NYC’s new black market for short-term rentals: A throwback to the time before Airbnb

The gothamist, David Brand, September 13, 2023 

New York City’s week-old restrictions on Airbnb and other platforms are spawning a new black market for short-term rentals, with hosts turning to informal methods — both new and old — to attract guests and work out payment.

It’s a throwback to the days before Airbnb, which first came online in 2008, when landlords and tenants advertised units for visitors on sites like Craigslist, or relied on word of mouth to house friends of friends traveling to New York City for a long weekend.

Now, some New Yorkers who have come to rely on Airbnb and other short-term bookings sites for income, or to defer their housing costs, say they’re going back to the basics: returning to Craigslist, testing out Facebook Marketplace, joining WhatsApp group chats and using the website Houfy, which connects hosts with visitors who have to figure out payment on their own.

“New Yorkers always find a way to get around,” said Fatin Yasar, a Queens property owner who started listing a four-bedroom apartment on Craigslist last month. He said he registered the apartment with the city to provide legal short-term rentals, and has a permanent tenant living in one of the rooms.

The city’s new rules prevent Airbnb, Vrbo and other booking platforms from processing payments for stays of less than 30 days — unless a unit has been registered with the city’s Office of Special Enforcement. Short-term rentals for entire apartments are mostly illegal in New York City, rendering them ineligible for registration. Since the city began enforcing the rule last Tuesday, 15,000 short-stay Airbnb listings were removed from the site compared to last month, Gothamist reported.

But Yasar said the rules will simply give rise to a more informal, illicit market.

“It’s been existing. There was and there always will be” he said.

Long-time tenant activist Michael McKee, a member of the Coalition Against Illegal Hotels, agreed, but said the short-term accommodations remove apartments from the city’s rental market during a housing shortage.

“There’s always going to be a black market,” said McKee, who recalled family members booking a short-term rental in Hells Kitchen in the late ‘90s — a concept he was unfamiliar with at the time. “Later, this became standard operating procedure: People with suitcases on wheels looking at their phones, going to one address to get a key and then going to the address of the apartment.”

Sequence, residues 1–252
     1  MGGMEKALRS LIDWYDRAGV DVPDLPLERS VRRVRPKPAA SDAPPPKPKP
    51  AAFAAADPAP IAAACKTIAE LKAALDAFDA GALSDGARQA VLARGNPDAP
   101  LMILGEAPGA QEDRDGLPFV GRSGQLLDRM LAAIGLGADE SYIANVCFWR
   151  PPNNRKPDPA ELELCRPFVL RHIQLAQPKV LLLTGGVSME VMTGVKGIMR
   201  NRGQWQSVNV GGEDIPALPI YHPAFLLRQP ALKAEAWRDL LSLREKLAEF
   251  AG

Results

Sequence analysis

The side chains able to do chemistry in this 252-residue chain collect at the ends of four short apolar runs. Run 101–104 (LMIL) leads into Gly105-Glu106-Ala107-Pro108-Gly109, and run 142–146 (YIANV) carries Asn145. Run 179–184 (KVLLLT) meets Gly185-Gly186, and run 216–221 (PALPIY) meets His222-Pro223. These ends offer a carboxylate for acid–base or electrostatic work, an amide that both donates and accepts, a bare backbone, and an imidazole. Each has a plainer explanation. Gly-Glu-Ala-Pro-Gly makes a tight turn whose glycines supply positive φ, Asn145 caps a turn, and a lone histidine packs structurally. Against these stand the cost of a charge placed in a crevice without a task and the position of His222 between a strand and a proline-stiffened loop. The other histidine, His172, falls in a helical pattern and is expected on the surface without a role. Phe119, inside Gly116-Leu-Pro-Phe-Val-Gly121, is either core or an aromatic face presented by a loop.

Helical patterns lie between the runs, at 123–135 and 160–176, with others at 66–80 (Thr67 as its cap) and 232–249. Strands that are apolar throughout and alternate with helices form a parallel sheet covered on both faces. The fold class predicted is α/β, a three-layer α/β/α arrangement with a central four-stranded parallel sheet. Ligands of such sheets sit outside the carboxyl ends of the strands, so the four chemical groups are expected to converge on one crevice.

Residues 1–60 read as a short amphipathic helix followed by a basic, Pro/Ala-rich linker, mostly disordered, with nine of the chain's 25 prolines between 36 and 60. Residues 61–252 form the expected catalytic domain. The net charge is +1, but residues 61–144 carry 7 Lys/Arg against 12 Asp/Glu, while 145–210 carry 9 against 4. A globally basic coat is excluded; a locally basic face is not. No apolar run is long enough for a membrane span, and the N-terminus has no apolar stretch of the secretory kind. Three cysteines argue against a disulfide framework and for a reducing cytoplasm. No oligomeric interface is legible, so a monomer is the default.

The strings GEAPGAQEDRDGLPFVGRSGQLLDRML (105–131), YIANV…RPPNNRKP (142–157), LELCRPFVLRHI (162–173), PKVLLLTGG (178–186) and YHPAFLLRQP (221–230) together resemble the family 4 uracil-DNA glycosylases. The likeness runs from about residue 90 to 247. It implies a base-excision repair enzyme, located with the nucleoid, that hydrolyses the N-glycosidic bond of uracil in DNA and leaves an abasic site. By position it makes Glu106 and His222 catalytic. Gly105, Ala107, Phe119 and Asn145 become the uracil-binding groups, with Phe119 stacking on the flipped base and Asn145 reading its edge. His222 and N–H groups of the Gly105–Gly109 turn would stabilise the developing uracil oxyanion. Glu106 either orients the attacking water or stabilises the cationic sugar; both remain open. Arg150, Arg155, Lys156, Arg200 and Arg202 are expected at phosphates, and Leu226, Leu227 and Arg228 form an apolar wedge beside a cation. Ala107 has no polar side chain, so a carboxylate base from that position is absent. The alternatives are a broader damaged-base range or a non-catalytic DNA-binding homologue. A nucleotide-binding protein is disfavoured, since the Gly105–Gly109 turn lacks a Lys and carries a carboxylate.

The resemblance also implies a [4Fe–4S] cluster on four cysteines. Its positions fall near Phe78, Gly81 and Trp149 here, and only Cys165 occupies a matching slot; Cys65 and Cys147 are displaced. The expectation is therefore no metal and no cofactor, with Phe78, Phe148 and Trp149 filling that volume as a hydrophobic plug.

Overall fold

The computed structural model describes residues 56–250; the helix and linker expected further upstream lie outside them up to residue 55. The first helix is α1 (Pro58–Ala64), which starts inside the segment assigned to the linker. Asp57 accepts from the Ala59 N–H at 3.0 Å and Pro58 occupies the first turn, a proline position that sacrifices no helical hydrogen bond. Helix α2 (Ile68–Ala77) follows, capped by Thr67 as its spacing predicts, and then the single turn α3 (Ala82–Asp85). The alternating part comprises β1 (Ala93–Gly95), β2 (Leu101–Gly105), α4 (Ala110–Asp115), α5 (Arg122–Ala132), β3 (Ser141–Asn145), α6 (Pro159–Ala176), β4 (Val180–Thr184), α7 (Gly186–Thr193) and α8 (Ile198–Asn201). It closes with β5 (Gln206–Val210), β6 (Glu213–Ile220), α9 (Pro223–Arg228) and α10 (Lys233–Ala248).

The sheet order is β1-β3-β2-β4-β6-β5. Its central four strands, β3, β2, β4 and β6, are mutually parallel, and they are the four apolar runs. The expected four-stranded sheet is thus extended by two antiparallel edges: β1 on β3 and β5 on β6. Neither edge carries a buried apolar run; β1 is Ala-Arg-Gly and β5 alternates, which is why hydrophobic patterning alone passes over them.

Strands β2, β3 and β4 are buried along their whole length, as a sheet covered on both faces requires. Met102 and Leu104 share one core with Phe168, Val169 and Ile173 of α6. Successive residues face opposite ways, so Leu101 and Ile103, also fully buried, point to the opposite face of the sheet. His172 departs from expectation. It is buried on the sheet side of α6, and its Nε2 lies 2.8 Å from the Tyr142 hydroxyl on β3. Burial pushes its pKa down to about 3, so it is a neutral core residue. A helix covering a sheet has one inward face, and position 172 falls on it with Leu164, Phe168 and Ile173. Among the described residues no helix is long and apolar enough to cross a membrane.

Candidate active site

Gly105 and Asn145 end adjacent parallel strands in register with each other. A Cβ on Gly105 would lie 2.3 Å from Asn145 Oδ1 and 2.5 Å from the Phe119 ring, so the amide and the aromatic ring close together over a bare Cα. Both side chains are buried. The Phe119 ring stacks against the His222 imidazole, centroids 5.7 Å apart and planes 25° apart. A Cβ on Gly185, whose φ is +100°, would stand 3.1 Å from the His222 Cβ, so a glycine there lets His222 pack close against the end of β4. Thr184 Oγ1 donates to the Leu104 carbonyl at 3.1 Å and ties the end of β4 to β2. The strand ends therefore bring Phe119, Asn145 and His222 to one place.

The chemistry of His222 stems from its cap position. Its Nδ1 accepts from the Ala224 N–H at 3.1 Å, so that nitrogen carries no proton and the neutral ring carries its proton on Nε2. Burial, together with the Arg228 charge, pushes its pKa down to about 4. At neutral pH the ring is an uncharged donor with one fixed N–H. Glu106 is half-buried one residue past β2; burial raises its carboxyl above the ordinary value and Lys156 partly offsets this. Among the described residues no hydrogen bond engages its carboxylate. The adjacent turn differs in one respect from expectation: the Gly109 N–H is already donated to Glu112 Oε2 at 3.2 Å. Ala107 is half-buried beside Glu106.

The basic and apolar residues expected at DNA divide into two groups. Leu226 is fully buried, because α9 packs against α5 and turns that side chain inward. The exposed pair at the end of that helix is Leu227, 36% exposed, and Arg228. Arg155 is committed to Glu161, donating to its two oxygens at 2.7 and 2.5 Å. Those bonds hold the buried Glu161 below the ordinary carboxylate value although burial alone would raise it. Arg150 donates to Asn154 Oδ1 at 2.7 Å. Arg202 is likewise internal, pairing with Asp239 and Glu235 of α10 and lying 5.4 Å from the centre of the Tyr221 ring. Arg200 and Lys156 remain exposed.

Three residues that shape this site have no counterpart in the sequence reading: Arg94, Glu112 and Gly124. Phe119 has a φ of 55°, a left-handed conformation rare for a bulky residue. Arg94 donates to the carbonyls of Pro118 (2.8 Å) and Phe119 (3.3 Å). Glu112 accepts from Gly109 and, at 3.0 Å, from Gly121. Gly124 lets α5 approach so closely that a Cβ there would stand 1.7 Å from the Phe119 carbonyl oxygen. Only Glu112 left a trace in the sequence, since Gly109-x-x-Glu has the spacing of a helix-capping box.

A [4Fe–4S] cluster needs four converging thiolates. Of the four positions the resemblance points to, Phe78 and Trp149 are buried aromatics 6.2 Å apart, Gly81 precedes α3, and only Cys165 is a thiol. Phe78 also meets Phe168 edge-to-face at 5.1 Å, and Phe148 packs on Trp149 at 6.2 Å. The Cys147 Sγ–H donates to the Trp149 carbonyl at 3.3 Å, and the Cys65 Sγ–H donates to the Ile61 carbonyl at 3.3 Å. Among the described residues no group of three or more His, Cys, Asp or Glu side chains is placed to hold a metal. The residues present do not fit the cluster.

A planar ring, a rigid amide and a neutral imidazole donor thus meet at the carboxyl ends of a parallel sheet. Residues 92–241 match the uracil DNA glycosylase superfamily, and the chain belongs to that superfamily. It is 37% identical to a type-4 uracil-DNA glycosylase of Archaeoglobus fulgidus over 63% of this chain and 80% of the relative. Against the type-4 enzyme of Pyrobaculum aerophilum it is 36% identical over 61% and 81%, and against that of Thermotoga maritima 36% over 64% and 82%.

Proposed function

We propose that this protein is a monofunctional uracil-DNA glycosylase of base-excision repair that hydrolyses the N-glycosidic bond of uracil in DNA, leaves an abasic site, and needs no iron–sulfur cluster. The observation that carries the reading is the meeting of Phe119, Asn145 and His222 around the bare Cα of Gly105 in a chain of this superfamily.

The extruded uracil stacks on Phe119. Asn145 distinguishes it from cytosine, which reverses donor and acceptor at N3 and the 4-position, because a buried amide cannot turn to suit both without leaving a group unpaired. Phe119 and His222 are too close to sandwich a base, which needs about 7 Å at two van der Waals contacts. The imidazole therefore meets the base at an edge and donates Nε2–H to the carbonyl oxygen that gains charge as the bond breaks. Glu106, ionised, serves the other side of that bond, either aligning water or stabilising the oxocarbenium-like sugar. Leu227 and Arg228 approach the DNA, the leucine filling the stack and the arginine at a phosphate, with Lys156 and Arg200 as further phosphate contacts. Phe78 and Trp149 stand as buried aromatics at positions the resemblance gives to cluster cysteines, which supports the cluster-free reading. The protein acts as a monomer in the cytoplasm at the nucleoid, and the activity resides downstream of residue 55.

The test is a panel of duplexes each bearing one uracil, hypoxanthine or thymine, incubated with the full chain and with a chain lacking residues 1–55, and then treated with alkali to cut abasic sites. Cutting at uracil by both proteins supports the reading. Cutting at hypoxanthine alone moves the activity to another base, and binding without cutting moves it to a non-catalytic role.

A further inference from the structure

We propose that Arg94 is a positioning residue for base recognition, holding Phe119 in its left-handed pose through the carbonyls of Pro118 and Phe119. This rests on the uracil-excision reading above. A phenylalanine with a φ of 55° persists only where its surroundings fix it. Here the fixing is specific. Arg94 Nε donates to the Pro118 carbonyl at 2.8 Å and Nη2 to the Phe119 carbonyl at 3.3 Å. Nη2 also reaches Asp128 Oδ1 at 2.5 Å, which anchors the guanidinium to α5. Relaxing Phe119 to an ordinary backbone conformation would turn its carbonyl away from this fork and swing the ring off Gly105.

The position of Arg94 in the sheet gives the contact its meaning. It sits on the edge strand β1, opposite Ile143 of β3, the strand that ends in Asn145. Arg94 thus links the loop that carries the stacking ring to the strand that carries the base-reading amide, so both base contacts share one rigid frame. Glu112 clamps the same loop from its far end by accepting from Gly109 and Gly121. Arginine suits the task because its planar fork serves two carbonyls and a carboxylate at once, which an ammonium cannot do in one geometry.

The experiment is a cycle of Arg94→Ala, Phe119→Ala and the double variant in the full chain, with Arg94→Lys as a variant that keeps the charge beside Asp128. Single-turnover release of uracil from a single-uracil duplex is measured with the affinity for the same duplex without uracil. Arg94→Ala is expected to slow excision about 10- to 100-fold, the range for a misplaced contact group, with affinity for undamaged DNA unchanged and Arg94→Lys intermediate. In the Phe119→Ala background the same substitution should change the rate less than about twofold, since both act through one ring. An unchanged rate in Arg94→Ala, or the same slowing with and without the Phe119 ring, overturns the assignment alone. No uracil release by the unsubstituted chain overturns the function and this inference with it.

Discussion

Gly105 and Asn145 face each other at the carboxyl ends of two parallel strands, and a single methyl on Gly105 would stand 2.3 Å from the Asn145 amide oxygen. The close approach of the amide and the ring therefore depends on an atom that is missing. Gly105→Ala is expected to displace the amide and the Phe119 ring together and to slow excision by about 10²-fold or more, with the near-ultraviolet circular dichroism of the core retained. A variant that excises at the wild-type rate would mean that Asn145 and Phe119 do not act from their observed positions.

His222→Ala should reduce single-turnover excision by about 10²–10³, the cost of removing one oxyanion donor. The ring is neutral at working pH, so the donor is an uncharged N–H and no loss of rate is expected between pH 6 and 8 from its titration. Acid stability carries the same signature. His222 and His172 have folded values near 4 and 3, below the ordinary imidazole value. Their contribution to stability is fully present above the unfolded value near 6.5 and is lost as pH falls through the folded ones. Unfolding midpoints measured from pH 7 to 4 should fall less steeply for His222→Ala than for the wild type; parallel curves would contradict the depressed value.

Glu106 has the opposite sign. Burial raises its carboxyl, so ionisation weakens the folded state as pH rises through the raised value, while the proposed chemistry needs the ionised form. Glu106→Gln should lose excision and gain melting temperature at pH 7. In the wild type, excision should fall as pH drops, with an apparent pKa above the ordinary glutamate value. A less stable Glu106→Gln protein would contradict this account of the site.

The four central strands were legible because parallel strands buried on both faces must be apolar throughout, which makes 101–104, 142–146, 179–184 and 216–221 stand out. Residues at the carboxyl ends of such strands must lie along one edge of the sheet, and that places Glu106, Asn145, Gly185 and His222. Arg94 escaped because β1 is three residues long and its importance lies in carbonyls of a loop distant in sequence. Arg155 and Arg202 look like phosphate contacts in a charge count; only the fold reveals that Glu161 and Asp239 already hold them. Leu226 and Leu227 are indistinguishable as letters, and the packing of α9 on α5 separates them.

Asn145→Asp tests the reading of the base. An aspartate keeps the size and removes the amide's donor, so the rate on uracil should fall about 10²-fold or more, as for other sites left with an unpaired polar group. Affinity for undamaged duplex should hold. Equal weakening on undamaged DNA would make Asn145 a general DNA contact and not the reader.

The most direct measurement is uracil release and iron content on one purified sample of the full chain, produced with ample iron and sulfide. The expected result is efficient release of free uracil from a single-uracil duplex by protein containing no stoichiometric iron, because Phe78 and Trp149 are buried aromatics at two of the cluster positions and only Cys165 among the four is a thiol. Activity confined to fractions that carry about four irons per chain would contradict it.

He said the Office of Special Enforcement will need to staff up to effectively respond to short-term rental complaints. As Gothamist previously reported, the agency was missing half its budgeted staff members earlier this year, threatening their ability to keep up with enforcement. The agency did not immediately respond to requests for comment.

Christian Klossner, the Office of Special Enforcement’s executive director, said last month that the agency “will continue to meet its enforcement responsibilities with a focus on responding to submitted complaints of illegal occupancy.”

Already some New Yorkers are explicit about working around the city’s new short-term rental payment prohibition.

“Due to the ban on short-term rentals by NYC — I am now offering this short-term rental via other avenues such as Craigslist,” reads one $130 per night listing in the Douglaston neighborhood of northeast Queens. “I have consistently been a superhost on Airbnb, and currently have an overall rating of 4.93.”

Two other posts on Craigslist are advertised as “Airbnb alternatives.” One is for a short-term sublet in Williamsburg listed at $700 a week while the tenant is traveling, and the other is a gut-renovated one-bedroom on the Upper West Side with a rate of $200 a night for the next week.

None of the people who posted the units responded to inquiries for this story.

But other tenants and landlords looking for short-term guests despite the new rules say they are wary of the platform.